RELIGIOUS AFFILIATION, MATURATION, SEX, AND OPINIONS ABOUT MENTAL ILLNESS
The purpose of this study was to examine the effects of religious affiliation, age and sex on opinions about mental illness. The sample for this study consisted fo 160 equal number Catholic and Jewish male and female parochial high school students in the ninth and twelfth grade. The independent variables tested were the religious affiliation (Catholic and Jewish), maturation (14 and 17 year olds) and sex (male and female) as they affect opinions about mental illness. The dependent variables were the scores on the five factors or subscales of the "Opinion About Mental Illness" scale, (OMI). A Multivariate Analysis of Variance (MANOVA) of the five factors of the OMI yielded no evidence to reject the first null hypothesis, i.e., it was found that Catholic and Jewish students scores on five factors of the OMI were not statistically significantly different from each other. In addition, there were no statistically significant interaction effects i.e. year x religion, year x sex, religion x sex and year x religion x sex. The MANOVA did find that there were significant differences in the attitudes toward mental illness between 14 and 17 year olds on the factors of authoritarianism, benevolence, and social restrictiveness. These factors measure attitudes of acceptance and concern for the mentally ill as well as fear resulting in coercive treatment of the mentally ill. The 17 year olds had more favorable attitudes toward the mentally ill than the 14 year olds which is consistent with the theory of moral reasoning and social development of Kohlberg. It is of interest to note that the factors of mental hygiene ideology and interpersonal etiology were not significant for age. These factors measure attitudes of understanding that mental illness is an illness like any other, and beliefs regarding the cause of mental illness. Another finding was the significant difference between males' and females' attitude toward mental illness on the factors of authoritarianism, benevolence, mental hygiene ideology, social restrictiveness, and interpersonal etiology. The females had more favorable attitudes toward mental illness on all the factors than the males. This finding is consistent with the traditional views of the male and female role.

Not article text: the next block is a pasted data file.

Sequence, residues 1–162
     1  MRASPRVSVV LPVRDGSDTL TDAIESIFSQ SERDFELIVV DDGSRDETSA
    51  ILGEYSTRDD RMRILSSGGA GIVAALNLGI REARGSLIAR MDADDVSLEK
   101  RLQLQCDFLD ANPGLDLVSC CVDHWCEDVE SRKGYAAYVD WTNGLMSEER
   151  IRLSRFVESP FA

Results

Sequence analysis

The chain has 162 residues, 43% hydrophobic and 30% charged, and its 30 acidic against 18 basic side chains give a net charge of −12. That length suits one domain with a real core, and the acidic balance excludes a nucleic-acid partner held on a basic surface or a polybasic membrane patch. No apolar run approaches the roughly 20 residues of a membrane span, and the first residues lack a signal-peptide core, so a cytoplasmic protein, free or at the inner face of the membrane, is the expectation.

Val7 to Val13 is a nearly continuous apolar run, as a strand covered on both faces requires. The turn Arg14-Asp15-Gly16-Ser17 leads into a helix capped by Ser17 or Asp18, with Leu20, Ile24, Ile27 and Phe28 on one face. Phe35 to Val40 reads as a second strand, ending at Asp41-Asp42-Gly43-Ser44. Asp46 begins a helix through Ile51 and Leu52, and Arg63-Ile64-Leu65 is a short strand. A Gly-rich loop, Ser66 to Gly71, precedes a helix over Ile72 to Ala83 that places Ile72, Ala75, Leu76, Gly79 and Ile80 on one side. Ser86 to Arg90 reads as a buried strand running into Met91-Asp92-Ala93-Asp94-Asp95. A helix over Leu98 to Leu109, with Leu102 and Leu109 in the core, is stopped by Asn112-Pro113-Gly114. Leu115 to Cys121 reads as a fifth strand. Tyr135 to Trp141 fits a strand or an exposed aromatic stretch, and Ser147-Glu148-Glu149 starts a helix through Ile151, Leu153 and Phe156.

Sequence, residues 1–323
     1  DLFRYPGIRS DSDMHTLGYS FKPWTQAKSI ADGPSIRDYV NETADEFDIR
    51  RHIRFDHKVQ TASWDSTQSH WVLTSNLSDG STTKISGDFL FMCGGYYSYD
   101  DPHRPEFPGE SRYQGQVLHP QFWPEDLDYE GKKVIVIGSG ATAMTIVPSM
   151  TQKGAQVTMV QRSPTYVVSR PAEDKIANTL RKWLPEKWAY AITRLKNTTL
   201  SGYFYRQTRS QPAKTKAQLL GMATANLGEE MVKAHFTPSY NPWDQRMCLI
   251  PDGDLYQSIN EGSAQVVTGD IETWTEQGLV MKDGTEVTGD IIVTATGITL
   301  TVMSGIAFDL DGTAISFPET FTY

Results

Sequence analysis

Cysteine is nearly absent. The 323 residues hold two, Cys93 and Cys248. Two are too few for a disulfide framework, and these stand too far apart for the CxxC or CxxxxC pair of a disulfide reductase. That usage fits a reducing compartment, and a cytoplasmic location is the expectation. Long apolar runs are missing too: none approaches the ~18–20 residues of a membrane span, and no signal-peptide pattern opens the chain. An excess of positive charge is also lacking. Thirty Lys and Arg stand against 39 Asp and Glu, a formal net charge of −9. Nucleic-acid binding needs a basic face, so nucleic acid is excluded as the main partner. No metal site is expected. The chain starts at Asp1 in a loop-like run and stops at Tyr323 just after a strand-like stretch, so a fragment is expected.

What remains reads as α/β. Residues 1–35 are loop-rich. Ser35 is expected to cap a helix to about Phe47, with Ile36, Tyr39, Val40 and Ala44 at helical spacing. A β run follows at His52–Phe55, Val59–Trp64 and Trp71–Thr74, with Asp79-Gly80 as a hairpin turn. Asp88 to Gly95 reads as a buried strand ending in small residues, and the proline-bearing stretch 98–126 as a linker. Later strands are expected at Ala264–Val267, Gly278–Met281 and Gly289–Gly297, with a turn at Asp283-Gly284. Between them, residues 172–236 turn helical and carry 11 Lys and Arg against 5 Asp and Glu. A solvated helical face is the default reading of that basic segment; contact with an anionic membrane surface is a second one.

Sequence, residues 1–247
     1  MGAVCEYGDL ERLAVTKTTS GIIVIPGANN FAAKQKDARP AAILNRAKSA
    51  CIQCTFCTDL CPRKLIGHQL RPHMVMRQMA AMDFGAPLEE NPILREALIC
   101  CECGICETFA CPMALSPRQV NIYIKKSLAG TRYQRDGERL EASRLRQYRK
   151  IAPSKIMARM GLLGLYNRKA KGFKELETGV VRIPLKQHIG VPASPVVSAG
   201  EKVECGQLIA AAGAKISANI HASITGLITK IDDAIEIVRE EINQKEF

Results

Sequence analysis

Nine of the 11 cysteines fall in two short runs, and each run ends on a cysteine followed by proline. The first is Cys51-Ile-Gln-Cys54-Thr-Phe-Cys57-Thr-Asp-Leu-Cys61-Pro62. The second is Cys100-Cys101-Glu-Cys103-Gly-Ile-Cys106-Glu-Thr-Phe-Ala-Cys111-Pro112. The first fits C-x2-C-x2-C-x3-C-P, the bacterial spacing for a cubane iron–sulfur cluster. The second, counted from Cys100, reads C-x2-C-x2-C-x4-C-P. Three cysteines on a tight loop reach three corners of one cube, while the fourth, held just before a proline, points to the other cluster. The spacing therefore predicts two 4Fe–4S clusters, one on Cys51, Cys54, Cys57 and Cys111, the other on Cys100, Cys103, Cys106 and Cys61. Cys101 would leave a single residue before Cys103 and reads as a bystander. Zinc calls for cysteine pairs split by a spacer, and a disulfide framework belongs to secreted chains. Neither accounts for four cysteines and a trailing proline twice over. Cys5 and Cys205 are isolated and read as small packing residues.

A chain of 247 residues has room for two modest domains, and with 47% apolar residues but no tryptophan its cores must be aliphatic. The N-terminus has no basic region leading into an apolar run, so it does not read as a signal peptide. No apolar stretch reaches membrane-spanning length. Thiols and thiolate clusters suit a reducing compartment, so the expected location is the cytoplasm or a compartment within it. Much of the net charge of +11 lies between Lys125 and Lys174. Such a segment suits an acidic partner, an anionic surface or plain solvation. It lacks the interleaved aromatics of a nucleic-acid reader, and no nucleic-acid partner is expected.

"RELIGIOUS AFFILIATION, MATURATION, SEX, AND OPINIONS ABOUT MENTAL ILLNESS"
(January 1, 1986).
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